MANITOWOC -- The Steven Avery media frenzy began in earnest on September 11th, 2003. That’s when Avery was released from prison after serving 18 years for a rape, it was later proved he did not commit. It has heated back up now, following the release of the popular Netflix docuseries "Making A Murderer," which premiered on December 18th, and focuses on Avery's conviction for the murder of Teresa Halbach, a young photographer for Auto Trader magazine. Avery and his nephew, Brendan Dassey are serving life sentences for that crime.
Just two years after Avery was freed from prison, exonerated in the rape case, he was charged with murder.
Halbach came to the Avery property to photograph a vehicle the Avery family was looking to sell.
The Netflix docuseries focuses on the case -- and whether Avery and his nephew were wrongfully convicted. The documentary has stirred up protests of the conviction and public outcry for a new trial for Avery and Dassey.
Both are appealing their convictions.
A retired Calumet County Sheriff’s deputy was at the Avery property and Steven Avery's home right after the Halbach murder happened.
She is now sharing her story with FOX6 News.
This deputy did not want to be identified because there is so much strong sentiment surrounding the case.
She described her role in the investigation for FOX6 News:
“I was like a support staff. When they needed extra hands, I was there," the deputy said.
The retired deputy says she was close to what was going on at the time, involved in guarding the Avery property and the salvage lot.
“I helped walk through where the cars were. We went through every single one of those cars. I did overnight security at the property. I helped videotape the property," the deputy said.
The deputy says from where she sat, on the front lines, she saw no set up of Avery or conspiracy to frame him for murder.
“It feels like people are attacking my credibility," the deputy said.
The deputy says if she had seen anything fishy, she would be the first to go to the media. When she went into Avery’s house after the Halbach murder, she says one thing struck her as she was taking notes.
“Just the bleach containers on his kitchen cupboard and how immaculate his house was. He cleaned that house. I believe he spent all of his time cleaning that house and trying to get rid of the remains and that’s why he didn’t have time to crush the car. It’s just my opinion," the deputy said.
She says a recent Fox News interview with one of Avery’s former defense attorneys struck her. In that interview Dean Strang said, “Steven Avery can be accused of being a lot of things, but a really good housekeeper doesn’t make the list.”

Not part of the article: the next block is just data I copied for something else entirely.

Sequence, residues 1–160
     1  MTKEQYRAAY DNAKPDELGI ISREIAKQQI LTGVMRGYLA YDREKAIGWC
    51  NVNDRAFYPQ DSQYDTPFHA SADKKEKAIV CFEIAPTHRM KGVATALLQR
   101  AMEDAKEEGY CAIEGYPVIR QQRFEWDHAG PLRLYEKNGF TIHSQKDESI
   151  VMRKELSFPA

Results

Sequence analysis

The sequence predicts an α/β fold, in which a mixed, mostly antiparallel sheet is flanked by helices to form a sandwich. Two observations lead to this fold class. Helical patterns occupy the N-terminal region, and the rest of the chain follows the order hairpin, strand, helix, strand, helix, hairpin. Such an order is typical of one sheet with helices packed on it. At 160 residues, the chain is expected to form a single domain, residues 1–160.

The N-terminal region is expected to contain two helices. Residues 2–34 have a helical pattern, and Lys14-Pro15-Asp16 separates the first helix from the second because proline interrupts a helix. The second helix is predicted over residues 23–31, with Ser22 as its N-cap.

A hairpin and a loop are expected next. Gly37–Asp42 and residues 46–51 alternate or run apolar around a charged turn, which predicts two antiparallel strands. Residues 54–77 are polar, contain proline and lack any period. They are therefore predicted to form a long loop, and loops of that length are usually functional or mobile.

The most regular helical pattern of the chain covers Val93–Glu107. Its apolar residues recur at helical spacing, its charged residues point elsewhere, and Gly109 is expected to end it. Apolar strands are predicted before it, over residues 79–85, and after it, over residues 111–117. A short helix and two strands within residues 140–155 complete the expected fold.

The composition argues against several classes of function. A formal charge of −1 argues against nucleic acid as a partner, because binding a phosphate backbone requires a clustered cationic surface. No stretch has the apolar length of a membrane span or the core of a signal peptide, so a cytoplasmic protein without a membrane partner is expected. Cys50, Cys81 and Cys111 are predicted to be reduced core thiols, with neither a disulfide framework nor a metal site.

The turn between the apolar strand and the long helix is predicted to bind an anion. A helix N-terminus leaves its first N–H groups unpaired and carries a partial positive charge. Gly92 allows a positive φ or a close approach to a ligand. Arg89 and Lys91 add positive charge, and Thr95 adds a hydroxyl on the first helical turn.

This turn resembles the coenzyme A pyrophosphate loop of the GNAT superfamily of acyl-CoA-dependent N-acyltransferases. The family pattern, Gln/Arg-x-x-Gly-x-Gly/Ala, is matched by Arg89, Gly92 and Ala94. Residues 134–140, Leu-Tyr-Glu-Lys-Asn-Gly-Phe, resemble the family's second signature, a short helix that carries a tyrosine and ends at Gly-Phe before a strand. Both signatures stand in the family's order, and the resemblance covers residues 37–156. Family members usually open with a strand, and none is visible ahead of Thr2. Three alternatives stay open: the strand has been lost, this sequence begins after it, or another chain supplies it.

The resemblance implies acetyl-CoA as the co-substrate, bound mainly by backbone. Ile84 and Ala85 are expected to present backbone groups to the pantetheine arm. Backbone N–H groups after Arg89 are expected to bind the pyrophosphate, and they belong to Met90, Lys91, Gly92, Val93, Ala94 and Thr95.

"All I can remember is his house was so clean. And when his attorney, this kind of struck me, a couple weeks ago, his attorney and Ken Kratz (the prosecutor) were on one of the news shows and I can’t quote him, but his attorney said, 'one thing I can say about Steven Avery is that he’s not a very good housekeeper' and my jaw dropped when he said that, because when I was in there it was so clean. It was so clean. Not just uncluttered, but clean, clean," the deputy said.
The retired Calumet County deputy says she believes Steven Avery is where he should be, in prison for life.
As for Avery’s nephew Brendan Dassey?
“I believe he was an accessory to the crime and I believe he could have saved Teresa Halbach’s life. And instead of going along with his uncle, if he would have called 911, Teresa would be alive," the deputy said.
The Avery story and surrounding controversy is far from over. He is appealing his conviction, as is Dassey.
Steven Avery has obtained new legal counsel, and has filed an appeal of his murder conviction.
Avery on January 7th signed and filed an appeal in the case on his own behalf, and that appeal was received by the Wisconsin Court of Appeals on January 11th.
Avery said he wants to be released from prison while the Wisconsin Court of Appeals considers his latest challenge to his 2007 murder conviction.
The state has opposed Avery's motion for release. Wisconsin Assistant Attorney General Thomas Fallon has issued a letter to Sheboygan County Circuit Judge Angela Sutkiewicz that says in part, "substantial reasons exist for this court to deny Avery's motion."
Chicago lawyer Kathleen Zellner on January 8th announced she is teaming up with the Midwest Innocence Project. The Law Firm of Kathleen T. Zellner and Associates has assumed representation of Avery in all of his pending criminal matters.
Avery has not seen the Netflix docuseries. There is no Netflix in prison, and Avery's request to view the series was denied.
As for Brendan Dassey, there is currently a federal habeas petition alleging that Dassey's constitutional rights were violated and it requests that his conviction be vacated.
Can't get enough of the Steven Avery story? Check out the Avery Archive at FOX6Now.com.